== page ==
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You may be thinking, “This gut health concept is all well and good as long as I’m cooking at home where I know what goes into my meals. But, what about the rest of my life?”

Just ask anyone who’s gone through the adventure of ruling out a food allergy. Meeting dietary requirements is not easy when you’re at a business meeting, traveling, or even just visiting friends and family. While the ideal situation would be for you to bring your own healthy and clean ingredients from home all the time, this is usually impractical. Instead of holing up in your hotel room with a box of gluten-free crackers, try a few of these strategies to stay safe when you’re on the road.

These tips are vital when traveling overseas.

1) Use hand sanitizer before every meal. A gel that contains more than 60 percent alcohol is adequate to ensure you don’t accidentally contaminate your own meal.

2) Only eat well-cooked foods. Be certain it was cooked while you waited for it, and it is piping hot when it gets to you. Even food that was cooked well, once left to sit at room temperature, becomes a breeding ground for bacteria.

3) Skip the salad—and the salad bar. Eat your vegetables, but only those that are well cooked. When overseas, assume both raw vegetables and fruits are risky—that includes peeled fruit, except for bananas. As for salad bars, even in developed countries, these can be pathogen and germ buffets.

4) Avoid dairy. Cheeses can be contaminated with shigella, but it’s good to rule out all dairy anyway when you’re reestablishing gut health.

5) Choose healthful ethnic foods. Italian, Greek, Moroccan, Turkish, Lebanese, and Indian cuisine are all rich in pathogen-fighting garlic, oregano, and cayenne.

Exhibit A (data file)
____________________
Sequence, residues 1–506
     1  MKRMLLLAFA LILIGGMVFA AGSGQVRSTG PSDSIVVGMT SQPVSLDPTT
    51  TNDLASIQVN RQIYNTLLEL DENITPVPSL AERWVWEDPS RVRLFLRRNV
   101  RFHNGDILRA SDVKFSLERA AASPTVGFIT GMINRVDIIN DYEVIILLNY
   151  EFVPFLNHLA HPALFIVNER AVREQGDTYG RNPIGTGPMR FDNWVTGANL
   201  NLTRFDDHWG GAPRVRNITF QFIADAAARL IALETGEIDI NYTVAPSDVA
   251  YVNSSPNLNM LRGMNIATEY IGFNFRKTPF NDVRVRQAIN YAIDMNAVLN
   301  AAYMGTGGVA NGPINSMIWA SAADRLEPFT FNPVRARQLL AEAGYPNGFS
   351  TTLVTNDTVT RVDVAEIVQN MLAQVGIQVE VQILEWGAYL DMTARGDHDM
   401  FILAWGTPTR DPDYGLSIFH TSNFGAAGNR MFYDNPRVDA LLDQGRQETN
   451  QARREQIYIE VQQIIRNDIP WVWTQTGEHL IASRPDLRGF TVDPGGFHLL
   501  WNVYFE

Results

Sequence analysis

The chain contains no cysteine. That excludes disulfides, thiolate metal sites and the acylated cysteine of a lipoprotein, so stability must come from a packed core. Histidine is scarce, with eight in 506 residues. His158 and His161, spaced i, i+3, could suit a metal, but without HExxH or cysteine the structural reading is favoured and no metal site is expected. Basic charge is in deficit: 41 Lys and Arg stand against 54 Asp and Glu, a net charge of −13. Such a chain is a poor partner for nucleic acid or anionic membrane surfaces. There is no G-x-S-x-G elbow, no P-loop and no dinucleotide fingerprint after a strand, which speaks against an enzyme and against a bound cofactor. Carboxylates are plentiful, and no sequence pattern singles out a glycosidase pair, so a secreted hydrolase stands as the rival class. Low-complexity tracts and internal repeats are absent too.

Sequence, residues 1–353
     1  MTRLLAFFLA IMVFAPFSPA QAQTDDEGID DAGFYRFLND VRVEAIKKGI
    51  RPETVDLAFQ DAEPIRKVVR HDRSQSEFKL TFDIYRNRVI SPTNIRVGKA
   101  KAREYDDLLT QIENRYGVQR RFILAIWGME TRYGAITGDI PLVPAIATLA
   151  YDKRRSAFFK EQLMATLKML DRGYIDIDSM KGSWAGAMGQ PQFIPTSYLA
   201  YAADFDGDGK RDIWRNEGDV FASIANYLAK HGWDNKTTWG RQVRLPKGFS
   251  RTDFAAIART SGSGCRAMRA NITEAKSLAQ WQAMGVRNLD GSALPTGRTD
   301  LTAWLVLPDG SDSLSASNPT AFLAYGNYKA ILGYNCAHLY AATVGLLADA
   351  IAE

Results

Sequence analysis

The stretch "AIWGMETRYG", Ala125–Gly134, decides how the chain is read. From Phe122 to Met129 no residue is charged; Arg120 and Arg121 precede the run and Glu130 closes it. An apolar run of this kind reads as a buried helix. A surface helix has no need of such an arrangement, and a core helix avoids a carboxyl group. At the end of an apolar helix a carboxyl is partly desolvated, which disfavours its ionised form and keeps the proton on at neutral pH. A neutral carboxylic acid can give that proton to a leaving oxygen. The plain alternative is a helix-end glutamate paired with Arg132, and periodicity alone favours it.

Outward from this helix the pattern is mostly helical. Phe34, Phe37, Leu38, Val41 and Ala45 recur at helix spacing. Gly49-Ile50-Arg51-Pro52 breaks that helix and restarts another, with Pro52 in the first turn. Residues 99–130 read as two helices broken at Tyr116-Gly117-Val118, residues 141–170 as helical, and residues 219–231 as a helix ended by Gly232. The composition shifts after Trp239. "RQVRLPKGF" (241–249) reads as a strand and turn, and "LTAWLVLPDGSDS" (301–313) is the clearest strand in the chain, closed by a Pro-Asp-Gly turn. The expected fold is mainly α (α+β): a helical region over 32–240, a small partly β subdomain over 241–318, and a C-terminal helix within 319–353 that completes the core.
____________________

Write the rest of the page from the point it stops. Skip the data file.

6) Request organic meats. Non-organic meats often contain antibiotic residues that are hard on your probiotic balance.

7) Eat and drink before the plane flight, but not on the plane. Eating beforehand raises your blood volume, which helps your body cope with pressure changes. Pumpkin seeds are an especially appropriate snack, as they not only parasite-proof your body but contain fats, protein, and carbs for blood sugar regulation as well. Once on the plane, food and drink can be questionable depending on the country it originated from.

8) Drink bottled drinks with recognizable brands or brewed beverages prepared with boiling water. Whenever possible, drink straight from the bottle, and don’t ask for ice. Use bottled water to brush your teeth too.

9) Prepare and maintain your gut with a probiotic supplement. Again, the brand I recommend is Dr. Ohhira’s Probiotics 12 PLUS. The product is fermented at room temperature, so the probiotics do not need to be refrigerated—especially handy when traveling! Take the recommended dose (1 cap in the morning, 1 in the evening) prior to traveling and during the trip. If you run into a bug while out and about, take a higher dose until symptoms are alleviated.

Of course, don’t let all of this travel advice scare you from enjoying and exploring that wonderful world out there. Yes, more than ever, you do need to be aware. But increased knowledge of the possible dangers empowers you to take proactive steps to guard your health. With common sense, preparation, and protection, you’ll come home healthier and wiser about our ever-shrinking global village.

You can learn more about “Gut Health on the Road” in Dr. Gittleman’s book The Gut Flush Plan.

Ann Louise Gittleman, PhD, CNS

Visionary health expert Ann Louise Gittleman, PhD, CNS, has always been a trendsetter. With millions of followers nationwide, she has the uncanny ability to pinpoint major health concerns and provide solutions years ahead of anybody else.

Highly respected as the grande dame of alternative health and award-winning author of 30 books, she single-handedly launched the weight loss/detox revolution in her New York Times bestseller The Fat Flush Plan. A Connecticut College and Teachers College, Columbia University graduate, Dr. Ann Louise was recognized as one of the top ten nutritionists in the country by Self magazine and was the recipient of the American Medical Writers Association award for excellence. She has been a popular columnist for First magazine since 2003.